A hub refers to a central point where devices in the same network are connected. Usually, hubs have several ports and are used to like potions of a local area network. This enables copying of data packets to all connected ports so that segments linked to the network can view the packets. Switches and hubs serve as a core connection for all equipment on a network and handle a data type called frames that transmit data. Frames are amplified then transmitted to a port on the destination computer once they are received. Inside the hub, frames are broadcasted to each port despite the fact that some frames are only designed with a single port. Hubs are not able to distinguish what port frames have been sent to. Broadcasting frames to each port helps ensure that they reach the intended destination. This increases network traffic causing poor network response.
Types of Hubs
There are three different types of hubs namely passive, intelligent and switching hubs. Passive hubs serve as conduits for data to facilitate its movement from one device to another. Intelligent hubs have additional features that enable administrators monitor traffic flow in the hub as well as allow for configuration of each port within the hub. Intelligent hubs are also known as manageable hubs. Switching hubs are hubs that read the address of each data packet before forwarding such packets to the appropriate port.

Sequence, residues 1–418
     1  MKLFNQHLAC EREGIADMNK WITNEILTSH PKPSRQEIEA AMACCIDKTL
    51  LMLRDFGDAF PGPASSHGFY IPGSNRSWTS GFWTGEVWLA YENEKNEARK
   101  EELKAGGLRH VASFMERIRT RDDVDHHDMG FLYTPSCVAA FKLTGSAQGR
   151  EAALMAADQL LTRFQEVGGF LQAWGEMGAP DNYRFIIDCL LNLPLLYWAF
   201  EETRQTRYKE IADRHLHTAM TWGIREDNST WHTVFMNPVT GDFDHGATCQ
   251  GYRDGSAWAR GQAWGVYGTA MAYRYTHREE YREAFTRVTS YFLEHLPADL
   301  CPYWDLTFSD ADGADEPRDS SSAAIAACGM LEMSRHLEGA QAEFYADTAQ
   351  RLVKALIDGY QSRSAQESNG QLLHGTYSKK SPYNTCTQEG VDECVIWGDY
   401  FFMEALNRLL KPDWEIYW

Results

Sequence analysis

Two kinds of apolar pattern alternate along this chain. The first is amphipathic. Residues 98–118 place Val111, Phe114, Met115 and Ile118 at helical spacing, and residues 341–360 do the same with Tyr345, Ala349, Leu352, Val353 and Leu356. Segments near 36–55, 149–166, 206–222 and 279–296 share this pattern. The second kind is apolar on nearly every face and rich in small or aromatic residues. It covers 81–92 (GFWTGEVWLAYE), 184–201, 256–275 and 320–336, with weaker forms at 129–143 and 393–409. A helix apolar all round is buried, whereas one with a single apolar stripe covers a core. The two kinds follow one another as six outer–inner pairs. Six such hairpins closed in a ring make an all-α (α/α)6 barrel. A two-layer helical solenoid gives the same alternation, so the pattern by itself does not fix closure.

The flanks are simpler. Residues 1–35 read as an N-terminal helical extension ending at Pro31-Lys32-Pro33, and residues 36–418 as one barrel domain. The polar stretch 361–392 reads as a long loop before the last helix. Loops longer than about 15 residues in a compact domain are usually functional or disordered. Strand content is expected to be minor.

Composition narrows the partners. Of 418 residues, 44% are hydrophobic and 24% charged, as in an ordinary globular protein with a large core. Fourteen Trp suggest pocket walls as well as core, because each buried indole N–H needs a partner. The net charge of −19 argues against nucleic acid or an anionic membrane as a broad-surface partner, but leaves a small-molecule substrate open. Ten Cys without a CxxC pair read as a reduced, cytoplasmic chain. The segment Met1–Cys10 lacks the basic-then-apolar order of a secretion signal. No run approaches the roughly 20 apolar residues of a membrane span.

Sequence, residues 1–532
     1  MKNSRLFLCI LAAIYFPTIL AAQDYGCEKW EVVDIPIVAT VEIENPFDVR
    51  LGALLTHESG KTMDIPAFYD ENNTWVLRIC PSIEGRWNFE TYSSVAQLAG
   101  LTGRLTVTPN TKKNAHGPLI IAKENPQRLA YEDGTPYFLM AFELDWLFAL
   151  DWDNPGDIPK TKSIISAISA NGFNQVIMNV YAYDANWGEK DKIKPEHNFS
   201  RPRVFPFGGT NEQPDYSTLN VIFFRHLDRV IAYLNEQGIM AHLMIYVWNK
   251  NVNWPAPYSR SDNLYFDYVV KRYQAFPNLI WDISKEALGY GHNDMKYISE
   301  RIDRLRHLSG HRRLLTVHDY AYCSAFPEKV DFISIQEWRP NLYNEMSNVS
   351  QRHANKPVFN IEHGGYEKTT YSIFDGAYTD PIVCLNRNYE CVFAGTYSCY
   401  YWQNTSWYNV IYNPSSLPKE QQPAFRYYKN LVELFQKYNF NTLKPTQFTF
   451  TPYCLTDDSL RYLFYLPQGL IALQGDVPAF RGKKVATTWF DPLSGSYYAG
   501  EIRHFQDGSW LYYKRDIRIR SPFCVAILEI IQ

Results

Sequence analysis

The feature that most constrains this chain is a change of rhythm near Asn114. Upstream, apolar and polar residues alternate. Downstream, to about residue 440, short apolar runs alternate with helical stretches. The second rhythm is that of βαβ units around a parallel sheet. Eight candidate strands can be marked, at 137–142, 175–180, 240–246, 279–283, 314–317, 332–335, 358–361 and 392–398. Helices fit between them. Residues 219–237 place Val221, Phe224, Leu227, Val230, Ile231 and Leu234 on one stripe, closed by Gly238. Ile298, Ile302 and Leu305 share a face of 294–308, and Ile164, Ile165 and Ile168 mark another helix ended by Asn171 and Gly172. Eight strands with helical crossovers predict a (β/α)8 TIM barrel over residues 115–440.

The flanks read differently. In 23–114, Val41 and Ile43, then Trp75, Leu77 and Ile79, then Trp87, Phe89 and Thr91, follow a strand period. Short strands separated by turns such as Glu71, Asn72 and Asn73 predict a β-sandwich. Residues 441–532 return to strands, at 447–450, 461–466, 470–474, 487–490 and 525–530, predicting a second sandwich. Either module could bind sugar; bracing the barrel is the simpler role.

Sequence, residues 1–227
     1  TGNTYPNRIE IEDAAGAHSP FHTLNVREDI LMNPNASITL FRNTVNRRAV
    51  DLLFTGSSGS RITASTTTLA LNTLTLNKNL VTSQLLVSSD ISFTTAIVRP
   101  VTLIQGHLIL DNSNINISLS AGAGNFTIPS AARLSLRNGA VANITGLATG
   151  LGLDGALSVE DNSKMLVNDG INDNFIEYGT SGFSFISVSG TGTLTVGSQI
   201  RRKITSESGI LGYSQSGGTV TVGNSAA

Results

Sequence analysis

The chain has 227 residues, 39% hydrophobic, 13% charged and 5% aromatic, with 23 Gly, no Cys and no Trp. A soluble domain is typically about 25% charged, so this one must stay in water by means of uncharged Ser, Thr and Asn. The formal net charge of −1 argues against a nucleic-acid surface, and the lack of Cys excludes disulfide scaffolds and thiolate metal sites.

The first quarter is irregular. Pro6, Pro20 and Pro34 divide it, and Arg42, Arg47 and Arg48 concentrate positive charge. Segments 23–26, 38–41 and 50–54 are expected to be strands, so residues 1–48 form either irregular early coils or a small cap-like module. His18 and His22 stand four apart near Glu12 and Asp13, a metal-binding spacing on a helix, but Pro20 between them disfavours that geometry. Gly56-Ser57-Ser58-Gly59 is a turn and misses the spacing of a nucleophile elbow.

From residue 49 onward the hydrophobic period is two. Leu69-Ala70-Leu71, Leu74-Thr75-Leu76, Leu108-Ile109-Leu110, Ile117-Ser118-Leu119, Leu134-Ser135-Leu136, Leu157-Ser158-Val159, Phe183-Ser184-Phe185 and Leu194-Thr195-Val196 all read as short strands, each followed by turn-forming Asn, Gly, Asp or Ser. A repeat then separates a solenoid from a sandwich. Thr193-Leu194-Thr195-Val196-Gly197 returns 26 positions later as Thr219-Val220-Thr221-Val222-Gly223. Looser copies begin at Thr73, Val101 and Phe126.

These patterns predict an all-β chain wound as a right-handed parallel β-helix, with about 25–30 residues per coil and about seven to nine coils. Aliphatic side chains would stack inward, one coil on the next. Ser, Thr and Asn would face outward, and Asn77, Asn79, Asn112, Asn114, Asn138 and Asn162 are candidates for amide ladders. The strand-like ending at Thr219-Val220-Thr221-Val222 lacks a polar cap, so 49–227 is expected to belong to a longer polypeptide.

Difference between a Hub and a Switch
Hubs simply link computers together. They simply pass data packets to other devices that may be connected to them. Each device determines what packets are meant for it and ignores the other. Hubs usually share bandwidth between ports. Since they role is only to forward the data packets they get, they do not streamline traffic within a local network. On the other hands, switches record MAC and IP addresses of all devices linked to them. Once a data packet is placed on a device’s wire, switches identify their destination address in order to know whether the devices are linked to them.